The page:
When taurine was tested as a putative modulator for the conversion of ALA/SDA to EPA/DHA in vivo, we found that the circulating fatty acid pattern was not affected regardless if taurine was consumed alone or in combination with ahiflower oil. Likewise, taurine treatment did not alter the n3-PUFA levels of control, ALA or SDA-supplemented HepG2 cells. Hence, our data suggest that although taurine is present in n3-PUFA-rich tissues at high concentrations such as the retina (51), it does not impact PUFA accumulation or synthesis. However, the association of PUFAS and taurine may protect PUFAS against lipid peroxidation (3537) and support osmoregulatory functions (52). In mice, dietary EPA and DHA provision (wild-type C57BL/6 mice) increased the levels of EPA and DHA more efficiently than improved endogenous de novo synthesis in transgenic fat-1 mice (53). Moreover, by employing this mouse model, a recent study showed better protection from high-fat diet induced metabolic and hepatic disorders was obtained with endogenously generated n3-PUFAs than dietary n3-PUFAs (54). Therefore, the level and origin of EPA and DHA (endogenous vs. exogenous) should be investigated.

The main synthesis routes for n3 EPA and n6 ARA utilize the same desaturases and elongases (Figure 1). Apart from its high content of n3-PUFAs, ahiflower oil also contains significant amounts of n6 linoleic acid (LA) (9–15%) which is the precursor for ARA synthesis. Interestingly, LA intake via ahiflower oil did not lead to an increase of ARA levels in human plasma but a slight yet nonsignificant decrease. In theory, the conversion of ALA and LA to form EPA and ARA compete for the same desaturases and elongases. Enhanced EPA synthesis might come at the expense of ARA synthesis. However, this observation has not been reported by others who supplemented humans with plant derived oil rich in ALA (55) and/or SDA (13, 49).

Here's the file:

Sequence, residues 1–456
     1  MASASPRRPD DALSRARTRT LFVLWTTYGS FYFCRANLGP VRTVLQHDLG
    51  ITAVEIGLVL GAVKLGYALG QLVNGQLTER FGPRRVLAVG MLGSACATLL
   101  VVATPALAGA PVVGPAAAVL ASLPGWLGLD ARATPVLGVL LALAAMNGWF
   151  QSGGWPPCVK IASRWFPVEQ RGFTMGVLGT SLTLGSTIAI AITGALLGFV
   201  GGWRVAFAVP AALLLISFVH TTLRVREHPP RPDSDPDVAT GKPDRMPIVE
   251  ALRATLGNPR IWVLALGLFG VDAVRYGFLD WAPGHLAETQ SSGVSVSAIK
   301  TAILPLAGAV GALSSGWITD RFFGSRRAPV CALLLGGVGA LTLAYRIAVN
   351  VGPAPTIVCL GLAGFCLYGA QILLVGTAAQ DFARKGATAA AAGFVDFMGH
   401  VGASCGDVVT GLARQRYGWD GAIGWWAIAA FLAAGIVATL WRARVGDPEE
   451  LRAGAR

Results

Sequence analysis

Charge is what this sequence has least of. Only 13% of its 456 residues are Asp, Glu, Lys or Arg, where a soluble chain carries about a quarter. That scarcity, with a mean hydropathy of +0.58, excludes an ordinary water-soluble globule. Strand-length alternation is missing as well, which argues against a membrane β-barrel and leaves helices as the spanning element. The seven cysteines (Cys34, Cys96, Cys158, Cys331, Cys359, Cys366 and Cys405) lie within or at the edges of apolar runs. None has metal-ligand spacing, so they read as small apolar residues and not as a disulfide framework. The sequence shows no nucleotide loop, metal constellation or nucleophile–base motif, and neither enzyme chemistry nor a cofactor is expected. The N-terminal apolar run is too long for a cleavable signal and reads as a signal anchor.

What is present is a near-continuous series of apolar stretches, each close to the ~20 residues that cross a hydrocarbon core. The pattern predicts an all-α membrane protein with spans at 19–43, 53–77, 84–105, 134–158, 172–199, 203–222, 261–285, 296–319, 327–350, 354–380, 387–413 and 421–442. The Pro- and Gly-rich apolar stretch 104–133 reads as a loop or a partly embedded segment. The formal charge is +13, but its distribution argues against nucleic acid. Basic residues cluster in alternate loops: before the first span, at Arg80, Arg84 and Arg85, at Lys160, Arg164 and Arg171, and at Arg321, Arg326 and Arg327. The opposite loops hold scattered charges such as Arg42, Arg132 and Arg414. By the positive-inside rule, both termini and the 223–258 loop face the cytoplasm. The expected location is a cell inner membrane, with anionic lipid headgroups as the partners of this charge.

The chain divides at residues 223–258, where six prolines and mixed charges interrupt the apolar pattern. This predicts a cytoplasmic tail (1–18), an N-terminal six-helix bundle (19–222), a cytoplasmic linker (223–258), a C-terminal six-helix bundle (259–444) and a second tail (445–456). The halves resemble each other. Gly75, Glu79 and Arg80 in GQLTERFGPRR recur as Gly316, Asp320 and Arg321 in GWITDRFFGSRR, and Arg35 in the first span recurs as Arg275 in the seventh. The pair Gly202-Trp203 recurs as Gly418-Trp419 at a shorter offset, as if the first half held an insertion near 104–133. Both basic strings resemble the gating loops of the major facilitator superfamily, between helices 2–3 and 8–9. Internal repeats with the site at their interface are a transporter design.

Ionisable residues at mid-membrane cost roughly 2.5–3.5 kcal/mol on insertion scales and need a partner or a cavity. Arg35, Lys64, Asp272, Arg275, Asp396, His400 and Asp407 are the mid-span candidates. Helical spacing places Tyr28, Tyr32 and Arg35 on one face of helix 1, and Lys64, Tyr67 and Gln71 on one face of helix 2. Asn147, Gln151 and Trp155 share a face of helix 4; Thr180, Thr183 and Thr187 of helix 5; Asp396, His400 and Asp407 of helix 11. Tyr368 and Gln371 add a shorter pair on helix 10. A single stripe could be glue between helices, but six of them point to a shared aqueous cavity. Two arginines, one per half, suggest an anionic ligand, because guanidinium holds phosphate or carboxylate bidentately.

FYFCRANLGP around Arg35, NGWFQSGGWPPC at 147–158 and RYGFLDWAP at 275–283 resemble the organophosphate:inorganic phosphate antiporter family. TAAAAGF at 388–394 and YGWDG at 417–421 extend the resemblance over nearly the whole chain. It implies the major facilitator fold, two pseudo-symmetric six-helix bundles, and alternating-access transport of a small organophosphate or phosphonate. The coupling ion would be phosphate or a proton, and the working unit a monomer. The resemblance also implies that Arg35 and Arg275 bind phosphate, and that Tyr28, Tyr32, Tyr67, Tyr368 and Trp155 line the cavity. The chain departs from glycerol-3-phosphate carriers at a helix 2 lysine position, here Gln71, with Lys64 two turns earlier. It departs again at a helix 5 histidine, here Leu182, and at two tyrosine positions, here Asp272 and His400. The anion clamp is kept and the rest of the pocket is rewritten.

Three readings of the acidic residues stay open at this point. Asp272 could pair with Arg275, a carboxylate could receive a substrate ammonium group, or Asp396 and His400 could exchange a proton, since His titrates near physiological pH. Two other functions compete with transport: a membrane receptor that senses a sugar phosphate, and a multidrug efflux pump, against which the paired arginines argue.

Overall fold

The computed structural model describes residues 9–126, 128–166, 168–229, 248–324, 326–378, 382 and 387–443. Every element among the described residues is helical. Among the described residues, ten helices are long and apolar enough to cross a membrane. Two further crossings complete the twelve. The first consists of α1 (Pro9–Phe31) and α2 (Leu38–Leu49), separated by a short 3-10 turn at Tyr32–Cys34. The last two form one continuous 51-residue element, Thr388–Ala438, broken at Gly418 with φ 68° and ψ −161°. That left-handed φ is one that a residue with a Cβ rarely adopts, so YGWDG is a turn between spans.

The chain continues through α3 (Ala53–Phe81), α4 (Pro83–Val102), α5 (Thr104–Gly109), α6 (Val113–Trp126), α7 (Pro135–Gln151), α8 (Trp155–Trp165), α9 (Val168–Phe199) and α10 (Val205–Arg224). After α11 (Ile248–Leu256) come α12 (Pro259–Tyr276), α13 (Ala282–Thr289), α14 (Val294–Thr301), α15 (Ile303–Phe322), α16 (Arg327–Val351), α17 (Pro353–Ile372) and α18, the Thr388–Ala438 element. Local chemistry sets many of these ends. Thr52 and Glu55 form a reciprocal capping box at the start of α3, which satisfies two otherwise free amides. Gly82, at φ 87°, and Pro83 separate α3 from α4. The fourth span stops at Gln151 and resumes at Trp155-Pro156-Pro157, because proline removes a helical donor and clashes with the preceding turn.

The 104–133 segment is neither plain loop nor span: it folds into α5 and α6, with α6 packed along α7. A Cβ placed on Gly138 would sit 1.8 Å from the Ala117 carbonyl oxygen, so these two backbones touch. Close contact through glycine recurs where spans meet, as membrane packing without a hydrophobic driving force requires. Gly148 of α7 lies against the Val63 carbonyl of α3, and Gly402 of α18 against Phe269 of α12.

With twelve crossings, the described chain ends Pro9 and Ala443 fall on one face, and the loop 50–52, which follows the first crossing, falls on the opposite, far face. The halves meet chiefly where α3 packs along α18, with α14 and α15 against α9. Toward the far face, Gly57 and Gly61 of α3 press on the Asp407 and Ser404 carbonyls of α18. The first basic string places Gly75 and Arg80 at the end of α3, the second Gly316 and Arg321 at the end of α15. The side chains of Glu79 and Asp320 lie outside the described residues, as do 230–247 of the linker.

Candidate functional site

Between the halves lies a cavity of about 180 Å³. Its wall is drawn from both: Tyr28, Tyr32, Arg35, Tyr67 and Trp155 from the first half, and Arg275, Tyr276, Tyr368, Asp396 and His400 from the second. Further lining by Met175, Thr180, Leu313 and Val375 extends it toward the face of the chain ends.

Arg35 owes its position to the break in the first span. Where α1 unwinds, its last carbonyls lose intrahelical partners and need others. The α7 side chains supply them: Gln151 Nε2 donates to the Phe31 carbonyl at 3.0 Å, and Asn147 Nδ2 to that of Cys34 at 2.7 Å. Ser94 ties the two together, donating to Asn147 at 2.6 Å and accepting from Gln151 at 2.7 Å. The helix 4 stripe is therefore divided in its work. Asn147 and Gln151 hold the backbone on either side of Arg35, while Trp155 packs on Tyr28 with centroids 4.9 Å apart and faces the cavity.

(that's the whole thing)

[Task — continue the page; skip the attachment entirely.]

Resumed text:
In cultivated HepG2 cells, only ALA and DHA treatment significantly decreased the cellular ARA content. However, cellular fatty acid levels were expressed in % of total FAMEs, which shift with additional accumulation of supplemented ALA and DHA. Therefore, the effects on ARA observed in humans and HepG2 cells may be negligible. The cell culture results also reveal an alternative pathway from ALA to EPA, as ALA-treated cells accumulate its elongation product ETE, but neither SDA nor ETA were found in these samples. Hence, in this cell model ALA is initially elongated to ETE by the action of ELOVL5 and is not desaturated to SDA by the Δ6-FADS2-catalyzed reaction. The conversion of radio-labeled ALA to ETE has already been achieved in cultured hepatoma 7288 C cells (5658). Furthermore, in vivo studies with salmon (59) and zebrafish (60) revealed that partial knockout of the fads2 gene resulted in the accumulation of LA and ALA C20-elongation products, which is indicative of alternative elongation prior to Δ8-FADS2-driven desaturation. Another explanation for the absence of SDA accumulation in ALA-treated cells was given by Park et al. (61), who described that SDA undergoes a coupled elongation immediately after Δ6-FADS2-driven desaturation, concomitantly restraining cellular SDA accumulation (61). In accordance with results from the current human intervention study, neither ALA nor SDA significantly increased cellular DHA levels in cultured HepG2 cells. In line with previous studies on fatty acid pattern in cultured hepatoma cell lines (19, 62), DHA was found to be the most abundant n3-PUFA in both RPMI and the vehicle control (EtOH) cells. According to Else et al. (63), FBS contains considerable amounts of DHA (~ 2–3% of total fatty acids) and in many cases also its precursor fatty acids ALA, SDA, EPA and DPA. Therefore, we hypothesize that the cellular accumulation of DHA supplied by FBS in the media and baseline synthesis of DHA from its precursors is already substantial, making further modulation challenging.